10. Claudia Goldin & Lawrence F. Katz & Ilyana Kuziemko, 2006. "The Homecoming of American College Women: The Reversal of the College Gender Gap," NBER Working Papers 12139, National Bureau of Economic Research, Inc.
  11. Altonji, Joseph G, 1993. "The Demand for and Return to Education When Education Outcomes Are Uncertain," Journal of Labor Economics, University of Chicago Press, vol. 11(1), pages 48-83, January.
  12. Fang (Annie) Yang & Suqin Ge, 2008. "Accounting for the Gender Gap in College Attainment," Discussion Papers 08-02, University at Albany, SUNY, Department of Economics.
  13. Thomas Lemieux & David Card, 2001. "Going to College to Avoid the Draft: The Unintended Legacy of the Vietnam War," American Economic Review, American Economic Association, vol. 91(2), pages 97-102, May.
  14. Jacob, Brian A., 2002. "Where the boys aren't: non-cognitive skills, returns to school and the gender gap in higher education," Economics of Education Review, Elsevier, vol. 21(6), pages 589-598, December.
  15. José-Víctor Ríos-Rull & Virginia Sánchez-Marcos, 2002. "College Attainment of Women," Review of Economic Dynamics, Elsevier for the Society for Economic Dynamics, vol. 5(4), pages 965-998, October.
  16. Per Krusell & Lee E. Ohanian & Jose-Victor Rios-Rull & Giovanni L. Violante, 1997. "Capital-skill complementarity and inequality: a macroeconomic analysis," Staff Report 239, Federal Reserve Bank of Minneapolis.
  17. Imrohoroglu, Ayse & Imrohoroglu, Selahattin & Joines, Douglas H, 1995. "A Life Cycle Analysis of Social Security," Economic Theory, Springer;Society for the Advancement of Economic Theory (SAET), vol. 6(1), pages 83-114, June.
  18. Orazio Attanasio & Hamish Low & Virginia Sanchez-Marcos, 2008. "Explaining Changes in Female Labor Supply in a Life-Cycle Model," American Economic Review, American Economic Association, vol. 98(4), pages 1517-52, September.
  19. John Bound & Sarah Turner, 2002. "Going to War and Going to College: Did World War II and the G.I. Bill Increase Educational Attainment for Returning Veterans?," Journal of Labor Economics, University of Chicago Press, vol. 20(4), pages 784-815, October.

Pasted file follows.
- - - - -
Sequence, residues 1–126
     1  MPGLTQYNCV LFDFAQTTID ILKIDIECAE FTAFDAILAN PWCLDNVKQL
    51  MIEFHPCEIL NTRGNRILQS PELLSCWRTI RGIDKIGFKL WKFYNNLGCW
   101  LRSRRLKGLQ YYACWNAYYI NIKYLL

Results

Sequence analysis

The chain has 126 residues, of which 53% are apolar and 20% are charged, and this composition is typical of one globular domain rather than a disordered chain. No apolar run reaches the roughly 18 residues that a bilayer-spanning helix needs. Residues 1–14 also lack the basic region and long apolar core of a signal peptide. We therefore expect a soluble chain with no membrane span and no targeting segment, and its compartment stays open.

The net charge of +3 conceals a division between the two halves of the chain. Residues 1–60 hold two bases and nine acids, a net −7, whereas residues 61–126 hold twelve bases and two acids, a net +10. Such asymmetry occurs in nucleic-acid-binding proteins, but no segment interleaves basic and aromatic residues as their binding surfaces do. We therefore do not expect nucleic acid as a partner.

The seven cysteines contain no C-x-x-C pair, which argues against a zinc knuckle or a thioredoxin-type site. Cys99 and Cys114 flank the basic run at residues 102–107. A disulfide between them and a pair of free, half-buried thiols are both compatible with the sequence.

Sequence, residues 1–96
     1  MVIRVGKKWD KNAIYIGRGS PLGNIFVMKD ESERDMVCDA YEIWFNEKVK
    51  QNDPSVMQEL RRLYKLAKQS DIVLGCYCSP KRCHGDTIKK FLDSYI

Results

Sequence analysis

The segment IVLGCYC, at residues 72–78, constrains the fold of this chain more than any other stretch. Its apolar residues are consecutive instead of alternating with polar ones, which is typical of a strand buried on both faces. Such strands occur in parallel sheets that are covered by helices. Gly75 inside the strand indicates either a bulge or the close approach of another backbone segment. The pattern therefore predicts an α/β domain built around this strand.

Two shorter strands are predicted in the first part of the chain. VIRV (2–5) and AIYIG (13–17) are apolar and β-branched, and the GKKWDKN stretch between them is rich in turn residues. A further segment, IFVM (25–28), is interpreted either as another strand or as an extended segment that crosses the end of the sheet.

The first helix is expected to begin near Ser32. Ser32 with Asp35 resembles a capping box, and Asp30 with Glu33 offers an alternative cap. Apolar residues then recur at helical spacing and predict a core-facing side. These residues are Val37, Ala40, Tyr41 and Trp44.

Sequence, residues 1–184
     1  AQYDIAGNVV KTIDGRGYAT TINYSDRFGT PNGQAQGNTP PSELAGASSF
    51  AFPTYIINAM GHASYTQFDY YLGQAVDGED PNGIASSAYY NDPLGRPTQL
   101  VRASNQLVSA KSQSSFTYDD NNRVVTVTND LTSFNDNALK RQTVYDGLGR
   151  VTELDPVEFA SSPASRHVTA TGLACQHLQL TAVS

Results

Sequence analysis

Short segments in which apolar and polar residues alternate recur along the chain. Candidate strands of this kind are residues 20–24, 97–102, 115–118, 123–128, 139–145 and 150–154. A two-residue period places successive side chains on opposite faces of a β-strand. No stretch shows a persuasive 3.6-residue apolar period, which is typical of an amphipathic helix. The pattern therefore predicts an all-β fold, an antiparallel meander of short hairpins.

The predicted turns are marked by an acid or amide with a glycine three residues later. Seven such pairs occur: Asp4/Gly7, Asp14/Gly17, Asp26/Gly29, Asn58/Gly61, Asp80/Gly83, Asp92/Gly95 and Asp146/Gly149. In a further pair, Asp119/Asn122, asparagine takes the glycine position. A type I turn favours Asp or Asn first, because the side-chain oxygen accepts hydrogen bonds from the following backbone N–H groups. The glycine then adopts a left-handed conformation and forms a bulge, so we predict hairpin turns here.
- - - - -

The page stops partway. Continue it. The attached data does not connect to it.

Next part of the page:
20. Claudia Olivetti, 2006. "Changes in Women's Hours of Market Work: The Role of Returns to Experience," Review of Economic Dynamics, Elsevier for the Society for Economic Dynamics, vol. 9(4), pages 557-587, October.
  21. Carlos Garriga & Mark P. Keightley, 2013. "A General Equilibrium Theory of College with Education Subsidies, In-School Labor Supply, and Borrowing Constraints," Working Papers 2013-002, Human Capital and Economic Opportunity Working Group.
  22. Zvi Eckstein & Éva Nagypál, 2004. "The evolution of U.S. earnings inequality: 1961?2002," Quarterly Review, Federal Reserve Bank of Minneapolis, issue Dec, pages 10-29.
  23. Gary S. Becker & William H. J. Hubbard & Kevin M. Murphy, 2010. "The Market for College Graduates and the Worldwide Boom in Higher Education of Women," American Economic Review, American Economic Association, vol. 100(2), pages 229-33, May.
  24. He, Hui, 2012. "What drives the skill premium: Technological change or demographic variation?," European Economic Review, Elsevier, vol. 56(8), pages 1546-1572.
  25. Todd Schoellman & Lutz Hendricks, 2009. "Student Abilities During the Expansion of U.S. Education, 1950-2000," 2009 Meeting Papers 162, Society for Economic Dynamics.
  26. Kerwin Kofi Charles & Ming-Ching Luoh, 2003. "Gender Differences in Completed Schooling," The Review of Economics and Statistics, MIT Press, vol. 85(3), pages 559-577, August.